Sunday was more or less the same schedule except there was way less time to ride the course because of all the different Pan Am Champ categories.

Upon first inspection, I was really pumped to be out on file treads, Donnelly LAS. The course had tacked up so much that the ground was a soft and intensely grippy power suck in spots. Though this was not everyone’s impression. Most were on intermediate tires.

 

I had another good start and slotted into the front of the race, which quickly became another group of 5-6. Micheal van den Ham, Canadian National Champ, was riding really aggressively early on and even got a small gap with Tobin, but it came back.

Half way through the race Stephen had gotten away and the small gaps in the group were starting to take their toll on me. Tobin and MvD gapped me a little off on a slog of a climb and I couldn’t bring it back. This was when the pin was pulled and the grenade went off. Fernando came by me like I was standing still.

I managed to do some dirt sampling whilst trusting a soft “rut berm” with three to go but I held it together and shook it off in a second.

Luckily, we had a big gap before this happened so I took a lap to get my wits about me and then attempted to rally. Jamey Driscoll was behind me and I had just enough in the tank to hold him off for fifth.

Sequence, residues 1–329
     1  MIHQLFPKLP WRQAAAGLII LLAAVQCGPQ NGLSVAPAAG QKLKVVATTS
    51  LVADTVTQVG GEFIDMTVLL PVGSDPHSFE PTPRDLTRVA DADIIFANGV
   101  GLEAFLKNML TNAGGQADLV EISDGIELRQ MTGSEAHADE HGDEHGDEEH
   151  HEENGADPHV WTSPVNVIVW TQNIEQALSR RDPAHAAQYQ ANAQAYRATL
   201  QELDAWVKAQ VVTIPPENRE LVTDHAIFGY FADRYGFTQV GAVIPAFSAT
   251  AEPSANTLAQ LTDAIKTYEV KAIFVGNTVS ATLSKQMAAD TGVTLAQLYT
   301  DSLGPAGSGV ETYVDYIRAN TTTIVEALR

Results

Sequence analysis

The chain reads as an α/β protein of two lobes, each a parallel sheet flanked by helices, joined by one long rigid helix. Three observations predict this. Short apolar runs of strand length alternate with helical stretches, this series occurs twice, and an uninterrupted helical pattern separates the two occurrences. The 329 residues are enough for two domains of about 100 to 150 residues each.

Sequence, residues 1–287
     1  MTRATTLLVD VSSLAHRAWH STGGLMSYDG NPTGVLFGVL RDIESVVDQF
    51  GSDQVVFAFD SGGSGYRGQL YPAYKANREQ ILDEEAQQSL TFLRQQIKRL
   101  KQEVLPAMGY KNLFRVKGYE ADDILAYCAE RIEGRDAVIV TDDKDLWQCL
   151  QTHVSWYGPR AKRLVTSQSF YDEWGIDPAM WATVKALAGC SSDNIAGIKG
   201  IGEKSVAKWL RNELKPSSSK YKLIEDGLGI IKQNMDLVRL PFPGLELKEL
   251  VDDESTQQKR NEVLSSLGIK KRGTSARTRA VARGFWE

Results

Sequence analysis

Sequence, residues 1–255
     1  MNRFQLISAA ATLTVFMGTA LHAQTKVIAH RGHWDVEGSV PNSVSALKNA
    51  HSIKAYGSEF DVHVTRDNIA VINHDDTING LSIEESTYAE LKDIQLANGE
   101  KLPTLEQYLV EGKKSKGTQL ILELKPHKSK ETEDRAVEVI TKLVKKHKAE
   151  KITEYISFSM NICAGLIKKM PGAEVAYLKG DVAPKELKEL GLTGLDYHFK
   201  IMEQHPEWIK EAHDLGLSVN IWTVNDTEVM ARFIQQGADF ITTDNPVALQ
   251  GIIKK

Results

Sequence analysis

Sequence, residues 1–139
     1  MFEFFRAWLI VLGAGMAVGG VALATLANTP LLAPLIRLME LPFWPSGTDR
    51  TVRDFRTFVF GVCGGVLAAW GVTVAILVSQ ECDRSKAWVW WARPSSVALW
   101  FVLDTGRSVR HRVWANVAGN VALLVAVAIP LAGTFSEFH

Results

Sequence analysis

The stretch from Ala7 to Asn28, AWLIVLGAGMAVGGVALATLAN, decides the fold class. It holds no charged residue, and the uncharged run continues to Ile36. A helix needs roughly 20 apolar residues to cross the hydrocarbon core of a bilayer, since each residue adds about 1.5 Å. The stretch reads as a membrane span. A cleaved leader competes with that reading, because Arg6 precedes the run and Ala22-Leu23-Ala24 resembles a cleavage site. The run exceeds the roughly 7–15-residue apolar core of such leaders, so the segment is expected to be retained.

One more lap and I may have pulled the plug on the whole thing. This was not uncommon for the day as many found themselves at their limit for too long, without realizing it. Yesterday’s race effort and the culmination of the physically demanding course were no doubt the cause of my detonation.

While I wasn’t happy with fifth in the Pan Am Champs race I was happy with the weekend as a whole. I managed to hold down 2nd place in the US Cup CX overall as well as come out with one podium.

Now it’s time for a weekend off. Kerm is having his race as a part of the NCCX in Salisbury, NC, which is always a fun course. Plus, this year, he is going to let me give my two cents in the layout. Watch out NCCX’ers, you’re in for a treat this year.

Then its up to NY for the Supercross Cup and another weekend off before the final C1 of the season in Tulsa, Ok. My last chance for a C1 win this season, unless I magically rise to Van Der Poel and Wout’s level by the time Worlds come around.